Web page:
Imagine yourself in the past. Perhaps somewhere in the fertile crescent immediately adjoining the Anatolian peninsula, the exact location of no particular concern. You’ve recently inherited a palatial but dated family home filled with exquisite mosaics. Your wife (because this is the past and men own property and have wives) complains that the mosaics, especially the likeness of a young woman, are simply no longer en vogue and must be redone. Removing the mosaics is cost prohibitive considering you must pay taxes for yet another war, so you enlist the help of a local immigrant artist skilled in the art of what was then called Roman fresco. He suggests a stunning cloud scene to cover the mosaic. ‘It will liven the space and bring the feeling of outdoors in.’ he reassures before you reluctantly agree. Months later, several budget extensions, and countless messages sent by horseback later the work is finally complete. All is well and the beauty that was is all but forgotten as the beauty that is remains hot, hot, hot with the trends of whenever that was.
Years later, your health and wealth faltering you wonder over to the eastern wing of the house, a place you’ve not been in years. The roof has given way in places, birds have taken to nesting in the rafters, and water has ruined the delicate frescoes you were assured had a ‘lifetime guarantee’. As you turn the corner your eyes meet hers. The young woman from so many years ago. Your father had commissioned the finest mosaic workers from miles around to depict this ‘gypsy girl’ as your mother condescendingly referred to her as, and here she was once again. Those riveting eyes looking back at yours from behind the decrepit and crumbling walls, her mouth still hidden, in no way betraying whether she was smiling or scorning. You stare because you cannot not stare. The image is simply too thought provoking.
‘Gypsy Girl’ Carpet from Wool and Silk (shown in black and white for illustrative purposes)
So are the thoughts that come to mind as I try to describe the latest carpet from the mind of Erbil Tezcan at Wool and Silk. Entitled ‘Gypsy Girl’ the carpet depicts, exactly as I described, a beautiful young women rendered in mosaic who is looking back at you with piercing eyes from behind what appears to be a frescoed and partially decayed wall. So much can be said of this carpet merely because of the questions it asks the viewer, but let us first begin with an attempt to convey the beauty of its colour.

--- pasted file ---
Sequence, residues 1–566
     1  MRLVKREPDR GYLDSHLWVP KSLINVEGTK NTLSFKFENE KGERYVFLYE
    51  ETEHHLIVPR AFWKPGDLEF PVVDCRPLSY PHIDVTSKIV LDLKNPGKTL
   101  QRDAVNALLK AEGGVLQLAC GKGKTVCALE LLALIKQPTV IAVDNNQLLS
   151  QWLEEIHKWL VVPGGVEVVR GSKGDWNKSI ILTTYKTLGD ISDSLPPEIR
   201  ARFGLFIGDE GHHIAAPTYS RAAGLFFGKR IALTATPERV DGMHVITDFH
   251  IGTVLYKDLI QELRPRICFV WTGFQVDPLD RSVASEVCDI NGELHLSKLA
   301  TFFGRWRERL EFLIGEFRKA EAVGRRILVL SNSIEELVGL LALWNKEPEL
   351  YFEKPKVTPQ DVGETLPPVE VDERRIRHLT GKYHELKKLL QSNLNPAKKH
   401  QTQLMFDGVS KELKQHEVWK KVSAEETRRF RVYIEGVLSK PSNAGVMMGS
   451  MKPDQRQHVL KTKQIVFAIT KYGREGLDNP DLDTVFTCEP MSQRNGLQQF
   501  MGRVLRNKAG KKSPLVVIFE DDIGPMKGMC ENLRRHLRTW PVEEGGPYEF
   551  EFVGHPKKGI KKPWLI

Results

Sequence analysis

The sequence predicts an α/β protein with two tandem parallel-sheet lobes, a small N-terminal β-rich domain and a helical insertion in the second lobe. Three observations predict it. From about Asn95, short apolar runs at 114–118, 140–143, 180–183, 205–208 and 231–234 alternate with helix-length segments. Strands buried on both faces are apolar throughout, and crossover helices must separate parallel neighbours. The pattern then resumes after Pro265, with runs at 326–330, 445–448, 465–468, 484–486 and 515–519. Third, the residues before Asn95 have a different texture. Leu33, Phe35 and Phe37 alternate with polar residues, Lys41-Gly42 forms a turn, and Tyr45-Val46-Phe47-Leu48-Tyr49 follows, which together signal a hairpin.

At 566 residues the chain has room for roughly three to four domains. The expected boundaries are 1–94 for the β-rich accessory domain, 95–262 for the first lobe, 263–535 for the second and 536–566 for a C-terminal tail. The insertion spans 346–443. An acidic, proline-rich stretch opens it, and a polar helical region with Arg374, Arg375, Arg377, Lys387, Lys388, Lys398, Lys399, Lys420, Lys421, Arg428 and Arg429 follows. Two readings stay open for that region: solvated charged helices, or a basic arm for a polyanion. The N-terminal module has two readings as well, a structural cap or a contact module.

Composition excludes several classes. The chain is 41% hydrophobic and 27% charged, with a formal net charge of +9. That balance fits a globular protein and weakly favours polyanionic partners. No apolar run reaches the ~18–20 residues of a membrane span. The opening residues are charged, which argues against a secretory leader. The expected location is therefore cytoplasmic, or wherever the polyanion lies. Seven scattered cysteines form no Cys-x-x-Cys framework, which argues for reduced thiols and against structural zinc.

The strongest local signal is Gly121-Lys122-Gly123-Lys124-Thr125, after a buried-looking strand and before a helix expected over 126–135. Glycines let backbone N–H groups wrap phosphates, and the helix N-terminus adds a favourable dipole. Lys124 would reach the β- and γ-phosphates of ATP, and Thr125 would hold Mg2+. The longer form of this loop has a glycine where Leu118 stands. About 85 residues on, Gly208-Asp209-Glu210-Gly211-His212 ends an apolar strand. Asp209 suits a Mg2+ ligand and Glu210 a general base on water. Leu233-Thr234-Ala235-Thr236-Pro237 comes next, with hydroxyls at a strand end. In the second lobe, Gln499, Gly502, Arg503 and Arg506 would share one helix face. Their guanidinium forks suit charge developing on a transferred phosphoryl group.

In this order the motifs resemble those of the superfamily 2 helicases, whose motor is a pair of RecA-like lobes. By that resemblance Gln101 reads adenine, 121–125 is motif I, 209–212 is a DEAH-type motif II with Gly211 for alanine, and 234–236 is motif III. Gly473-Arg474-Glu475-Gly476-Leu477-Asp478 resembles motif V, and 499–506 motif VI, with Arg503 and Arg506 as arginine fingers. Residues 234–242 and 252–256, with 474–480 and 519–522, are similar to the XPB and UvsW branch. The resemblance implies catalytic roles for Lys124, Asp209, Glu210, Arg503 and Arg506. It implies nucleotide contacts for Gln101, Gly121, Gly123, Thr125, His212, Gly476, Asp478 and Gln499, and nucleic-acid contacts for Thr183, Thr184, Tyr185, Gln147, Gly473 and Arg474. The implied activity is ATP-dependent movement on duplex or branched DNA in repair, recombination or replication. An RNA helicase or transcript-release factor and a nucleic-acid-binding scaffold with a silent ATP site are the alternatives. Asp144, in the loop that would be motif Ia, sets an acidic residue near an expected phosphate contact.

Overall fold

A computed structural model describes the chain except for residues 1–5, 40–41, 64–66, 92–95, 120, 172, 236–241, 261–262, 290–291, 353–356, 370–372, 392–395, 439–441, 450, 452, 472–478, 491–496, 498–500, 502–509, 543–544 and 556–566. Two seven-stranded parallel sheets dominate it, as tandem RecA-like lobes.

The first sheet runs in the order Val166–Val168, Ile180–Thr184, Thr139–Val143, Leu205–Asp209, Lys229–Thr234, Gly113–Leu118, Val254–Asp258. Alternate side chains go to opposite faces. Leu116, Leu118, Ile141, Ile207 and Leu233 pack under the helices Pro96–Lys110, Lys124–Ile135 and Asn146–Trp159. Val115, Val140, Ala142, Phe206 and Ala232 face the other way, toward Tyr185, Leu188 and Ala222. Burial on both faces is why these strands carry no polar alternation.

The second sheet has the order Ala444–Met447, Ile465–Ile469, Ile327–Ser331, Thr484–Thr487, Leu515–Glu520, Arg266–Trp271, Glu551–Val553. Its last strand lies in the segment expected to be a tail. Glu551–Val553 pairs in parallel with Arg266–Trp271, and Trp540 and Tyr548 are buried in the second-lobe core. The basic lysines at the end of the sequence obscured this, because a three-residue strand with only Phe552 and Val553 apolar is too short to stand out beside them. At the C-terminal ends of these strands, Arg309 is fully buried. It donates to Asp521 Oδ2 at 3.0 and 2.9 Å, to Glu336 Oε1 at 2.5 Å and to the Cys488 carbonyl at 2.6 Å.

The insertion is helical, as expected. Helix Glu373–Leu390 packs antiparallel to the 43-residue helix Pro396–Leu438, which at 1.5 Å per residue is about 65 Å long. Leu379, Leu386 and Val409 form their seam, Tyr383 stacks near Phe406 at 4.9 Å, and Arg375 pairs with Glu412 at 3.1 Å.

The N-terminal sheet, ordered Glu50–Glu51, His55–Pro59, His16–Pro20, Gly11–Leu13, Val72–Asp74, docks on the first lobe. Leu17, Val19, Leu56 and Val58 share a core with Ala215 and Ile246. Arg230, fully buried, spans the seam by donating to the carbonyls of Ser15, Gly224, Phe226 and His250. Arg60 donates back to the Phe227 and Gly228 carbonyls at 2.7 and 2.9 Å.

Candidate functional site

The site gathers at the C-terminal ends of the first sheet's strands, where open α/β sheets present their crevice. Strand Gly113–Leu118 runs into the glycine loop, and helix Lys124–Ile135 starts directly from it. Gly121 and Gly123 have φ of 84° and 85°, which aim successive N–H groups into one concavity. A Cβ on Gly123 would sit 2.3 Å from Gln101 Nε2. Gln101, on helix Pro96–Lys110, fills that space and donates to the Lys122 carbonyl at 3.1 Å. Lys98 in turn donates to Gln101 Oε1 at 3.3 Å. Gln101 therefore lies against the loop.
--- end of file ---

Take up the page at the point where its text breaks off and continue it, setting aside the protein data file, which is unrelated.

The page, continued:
The field of the carpet is such that is was designed to mimic the visual of a frescoed wall depicting a partially cloudy sky. Delicate wisps of cloud white and a pale blue that perhaps tinges toward lavender are set upon a classic cerulean sky, through which – as if the fresco had indeed crumbled partially away – peers this young ‘gypsy girl’ in resplendent earth hued wool. Woven to depict – with stunning accuracy one might add – the ‘Gypsy Girl’ mosaic that was unearthed in Zeugma, Commagene in modern day Turkey which is now on display at the Zeugma Mosaic Museum, in Gaziantep, Turkey, the carpet excels in adapting a known work of art into another medium. Faint yellow, rose, and peach coloured wool define the fair skin, her hair and eyes defined by russet, lavender, blueberry, and rich mauve. The hair further back on her head appears to be covered in some way, which is shown in muted olive greens and a medium charcoal intermixed with the balance of the colours from the palette. Photorealism excels in this instance as both the fresco field and the mosaic design faithfully reflect the reality that is without becoming overtly contrived. The harsh definition between individual mosaic tiles – woven in what appears to be a rich charcoal, contrasts expertly against the softness of the sky combining two distinctly different images into one visually stunning carpet.
Image of the original ‘Gypsy Girl’ Mosaic
The success of this carpet is not however based solely on it’s design, the deft combination of visual textures, it’s colouration, quality, or any other one single element, save for those piercing eyes. Much the same way as the famed Mona Lisa does not betray her thoughts, so too does ‘Gypsy Girl’ leave you wandering. In fact – as some have noted – they are also reminiscent of the well known National Geographic photograph taken by Steve McCurry. Certainly our fascination with eyes as the window to the soul plays a huge part in our attraction to this carpet. What secrets do they reveal and what secrets do they mask?
‘Afghan Girl’ by Steve McCurry for National Geographic
It’s obvious to anyone who sees this carpet as to why Mr. Tezcan was so inspired. The real question we should ask is: ‘What thoughts took him from inspiration to design to finished carpet?’